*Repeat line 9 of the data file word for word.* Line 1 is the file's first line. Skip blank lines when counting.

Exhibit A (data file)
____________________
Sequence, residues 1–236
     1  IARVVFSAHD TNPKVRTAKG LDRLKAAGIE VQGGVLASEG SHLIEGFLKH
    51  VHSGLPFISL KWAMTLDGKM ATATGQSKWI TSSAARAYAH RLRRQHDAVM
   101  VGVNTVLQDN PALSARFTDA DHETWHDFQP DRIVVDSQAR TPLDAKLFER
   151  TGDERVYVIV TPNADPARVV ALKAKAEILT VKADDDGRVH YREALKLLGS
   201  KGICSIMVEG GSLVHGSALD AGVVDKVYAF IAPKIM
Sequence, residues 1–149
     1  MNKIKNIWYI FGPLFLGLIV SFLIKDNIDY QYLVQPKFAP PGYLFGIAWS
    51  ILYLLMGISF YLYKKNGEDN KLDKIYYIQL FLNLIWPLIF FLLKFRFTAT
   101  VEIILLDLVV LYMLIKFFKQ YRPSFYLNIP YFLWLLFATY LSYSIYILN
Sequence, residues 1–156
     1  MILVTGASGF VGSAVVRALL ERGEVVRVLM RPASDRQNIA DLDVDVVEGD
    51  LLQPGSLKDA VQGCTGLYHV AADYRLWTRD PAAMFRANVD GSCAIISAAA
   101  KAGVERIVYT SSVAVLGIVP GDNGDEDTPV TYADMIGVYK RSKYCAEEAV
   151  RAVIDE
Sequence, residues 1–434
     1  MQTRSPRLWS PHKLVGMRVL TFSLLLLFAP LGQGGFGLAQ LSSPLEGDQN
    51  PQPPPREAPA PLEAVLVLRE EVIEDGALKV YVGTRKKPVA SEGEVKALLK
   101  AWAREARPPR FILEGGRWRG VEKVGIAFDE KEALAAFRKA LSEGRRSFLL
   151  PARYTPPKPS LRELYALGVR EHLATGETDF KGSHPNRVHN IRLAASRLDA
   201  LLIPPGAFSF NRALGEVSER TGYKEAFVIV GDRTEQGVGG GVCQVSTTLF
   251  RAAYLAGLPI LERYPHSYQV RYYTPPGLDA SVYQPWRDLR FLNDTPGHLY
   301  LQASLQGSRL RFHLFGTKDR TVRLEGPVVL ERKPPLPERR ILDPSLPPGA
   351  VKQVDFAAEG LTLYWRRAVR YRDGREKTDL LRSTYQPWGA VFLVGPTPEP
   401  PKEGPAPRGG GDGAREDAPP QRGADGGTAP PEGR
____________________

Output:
    51  ILYLLMGISF YLYKKNGEDN KLDKIYYIQL FLNLIWPLIF FLLKFRFTAT